The Caucasian’s Guide to Living Under a Terrorist Threat

Here’s some advice from someone who knows what it’s like to live under the constant threat of bodily harm.

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After my keynote address on talking about race and another about not wearing blackface on Halloween, I was again summoned yesterday to give an emergency speech to the secret monthly white-people meeting. The following is a transcript of my remarks:

My Dear Caucasian Brethren,

I want to first thank you for allowing me to speak to the Global Society for the Advancement of White People for the third time. It is indeed an honor and a privilege to stand before such luminaries as Hillary Clinton, Taylor Swift, Donald Trump and the entire cast of Exodus: Gods and Kings. Today I was summoned to speak to you about living under the existential threat of terrorism.

For the past few years, Americans have faced this ever-growing threat head-on. I know it can be scary, but because my people have lived under the constant fear of fugitive slave hunters, lynching, Ku Klux Klan groups, skinheads, vigilantes, neighborhood watchmen, police brutality and random angry men at gas stations telling us our music is too loud, I thought I’d share with you a few tips on surviving the terrorist threat:

1. Keep calm and carry on. I know you guys love that meme, but there is a lot of truth in it. The most important part of living under the constant threat of violence and death is not to let your everyday life crumble under the weight of fear. I know the reports of dark-hearted ISIS members hiding in shadows, wearing ninja costumes and waving black flags scare you, but more Americans likely died yesterday from guns used by other Americans than have been killed by members of the Islamic State all year. If black people were as prone to your kind of anxiety, we’d have panic attacks every time we passed a police car, saw blue lights or walked by white men handling ropes. Imagine if we stopped driving to job interviews after hearing about Sandra Bland or stopped walking to corner stores after Trayvon Martin’s lynching. Trust me, you’ll learn to live with it.

2. You’re probably going to have to listen to some b.s. If you decide to do something to fight back against the existential threat that you and your people face, prepare yourself for some idiotic pushback. The first thing people might ask you when addressing the mass murder of innocent people by an armed, militaristic group trying to take away the rights of free people is, “Well, what about white-on-white crime?” I know it’s an idiotic question; I’m just trying to prepare you for it. I know that you are trying to address a specific problem, and the fact that white people kill far more white people than terrorists do is not at all related to the problem that you’re working on … but still.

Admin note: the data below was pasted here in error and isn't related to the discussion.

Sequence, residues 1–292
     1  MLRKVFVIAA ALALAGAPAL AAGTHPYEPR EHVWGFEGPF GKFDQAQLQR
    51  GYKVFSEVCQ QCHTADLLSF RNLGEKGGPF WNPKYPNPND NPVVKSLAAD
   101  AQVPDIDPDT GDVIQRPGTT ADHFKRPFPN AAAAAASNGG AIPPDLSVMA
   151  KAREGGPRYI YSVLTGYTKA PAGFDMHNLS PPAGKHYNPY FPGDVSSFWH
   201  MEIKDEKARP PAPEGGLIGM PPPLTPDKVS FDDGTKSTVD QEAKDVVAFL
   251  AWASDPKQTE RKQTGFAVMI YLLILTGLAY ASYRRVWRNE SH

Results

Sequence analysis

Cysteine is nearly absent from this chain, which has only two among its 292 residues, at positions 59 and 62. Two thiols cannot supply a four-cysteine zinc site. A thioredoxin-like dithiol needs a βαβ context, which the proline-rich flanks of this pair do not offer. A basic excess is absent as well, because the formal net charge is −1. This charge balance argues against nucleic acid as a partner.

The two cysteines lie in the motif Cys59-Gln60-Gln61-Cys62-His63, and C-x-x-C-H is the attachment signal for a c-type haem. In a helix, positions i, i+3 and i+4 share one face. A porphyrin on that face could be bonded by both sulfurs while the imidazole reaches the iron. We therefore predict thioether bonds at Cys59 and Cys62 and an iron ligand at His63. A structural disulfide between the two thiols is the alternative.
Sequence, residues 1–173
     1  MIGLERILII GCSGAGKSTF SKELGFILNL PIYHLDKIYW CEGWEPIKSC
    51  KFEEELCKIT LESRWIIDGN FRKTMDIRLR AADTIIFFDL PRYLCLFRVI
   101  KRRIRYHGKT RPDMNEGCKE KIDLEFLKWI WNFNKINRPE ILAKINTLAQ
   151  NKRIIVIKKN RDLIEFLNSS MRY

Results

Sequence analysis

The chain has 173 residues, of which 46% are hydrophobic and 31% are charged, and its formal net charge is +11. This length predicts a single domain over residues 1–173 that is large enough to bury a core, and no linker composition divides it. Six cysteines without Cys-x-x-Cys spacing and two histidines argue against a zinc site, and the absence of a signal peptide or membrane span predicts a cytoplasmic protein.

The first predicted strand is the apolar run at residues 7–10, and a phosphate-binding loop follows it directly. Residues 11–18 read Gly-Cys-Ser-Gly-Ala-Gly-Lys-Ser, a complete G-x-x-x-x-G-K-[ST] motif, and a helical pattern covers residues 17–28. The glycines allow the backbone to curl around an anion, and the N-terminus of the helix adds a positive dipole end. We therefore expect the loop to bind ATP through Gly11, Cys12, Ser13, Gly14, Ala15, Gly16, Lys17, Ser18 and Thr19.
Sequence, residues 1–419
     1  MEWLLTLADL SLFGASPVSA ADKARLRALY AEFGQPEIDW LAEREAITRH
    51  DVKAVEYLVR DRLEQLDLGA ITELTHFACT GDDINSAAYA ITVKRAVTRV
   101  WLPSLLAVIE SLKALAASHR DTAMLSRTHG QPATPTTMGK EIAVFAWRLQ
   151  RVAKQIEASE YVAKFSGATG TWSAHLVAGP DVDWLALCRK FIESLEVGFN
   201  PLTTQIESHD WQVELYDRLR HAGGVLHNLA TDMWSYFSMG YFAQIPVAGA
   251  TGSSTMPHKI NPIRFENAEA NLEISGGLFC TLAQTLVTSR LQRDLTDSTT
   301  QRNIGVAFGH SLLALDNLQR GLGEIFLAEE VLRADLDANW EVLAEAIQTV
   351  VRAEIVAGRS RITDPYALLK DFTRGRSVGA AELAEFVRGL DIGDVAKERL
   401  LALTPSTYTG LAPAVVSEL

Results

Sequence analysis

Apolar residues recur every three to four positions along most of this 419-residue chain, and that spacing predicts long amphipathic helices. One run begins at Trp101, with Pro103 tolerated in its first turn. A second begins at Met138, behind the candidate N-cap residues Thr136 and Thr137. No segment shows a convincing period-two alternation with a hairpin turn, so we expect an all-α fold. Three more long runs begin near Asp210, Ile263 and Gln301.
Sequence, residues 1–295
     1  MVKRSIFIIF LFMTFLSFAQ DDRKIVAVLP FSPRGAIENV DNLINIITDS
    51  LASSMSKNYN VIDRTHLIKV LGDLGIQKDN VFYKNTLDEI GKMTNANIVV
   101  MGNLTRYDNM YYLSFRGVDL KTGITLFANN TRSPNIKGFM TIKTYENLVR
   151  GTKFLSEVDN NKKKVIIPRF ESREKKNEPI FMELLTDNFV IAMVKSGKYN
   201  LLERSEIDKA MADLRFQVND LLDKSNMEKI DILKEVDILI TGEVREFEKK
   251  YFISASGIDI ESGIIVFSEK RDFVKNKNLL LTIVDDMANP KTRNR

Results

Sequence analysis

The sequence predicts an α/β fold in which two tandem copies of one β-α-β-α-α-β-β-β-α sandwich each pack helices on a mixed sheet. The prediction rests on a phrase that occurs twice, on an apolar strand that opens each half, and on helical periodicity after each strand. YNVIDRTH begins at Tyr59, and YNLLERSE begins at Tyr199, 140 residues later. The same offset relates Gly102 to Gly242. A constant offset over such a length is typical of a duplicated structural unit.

3. Prepare to give up some rights. When the FBI politely asked Apple to help it develop a way to unlock an iPhone, it sparked a white-on-white debate so vigorous that it lasted for weeks. Meanwhile, people of color sat back, shocked that you live in such a pristinely righteous world that you can worry about the individual little freedoms locked away in your smartphone. As you continue living under this threat, pray that you aren’t subject to unreasonable searches like Charnesia Corley, on whom police forced a vaginal search while looking for a small amount of marijuana. If the police kick in your door, raid your house and shoot your dog … then figure out they are in the wrong house, remember that this is the price we have to pay to be safe.

4. You might have to sacrifice your children. If the “war on terror” mirrors the “war on drugs,” remember that you might not even be able to keep your children safe from the “protectors.” To make sure your neighborhoods are safe from the terrorist threat, they might lob grenades through the windows of the wrong house and shoot your children in the face, like they did Aiyana Stanley-Jones. Sometimes you have to break a few eggs to make a Safe America omelet. It’s usually the darker eggs, but we all have yolks on the inside.

In conclusion, my Caucasian brethren, be strong, be vigilant, but most of all, be safe. It is a brave, new, scary world you are entering. We welcome you to it, and, yes …

We already know: Caucasian Lives Matter.

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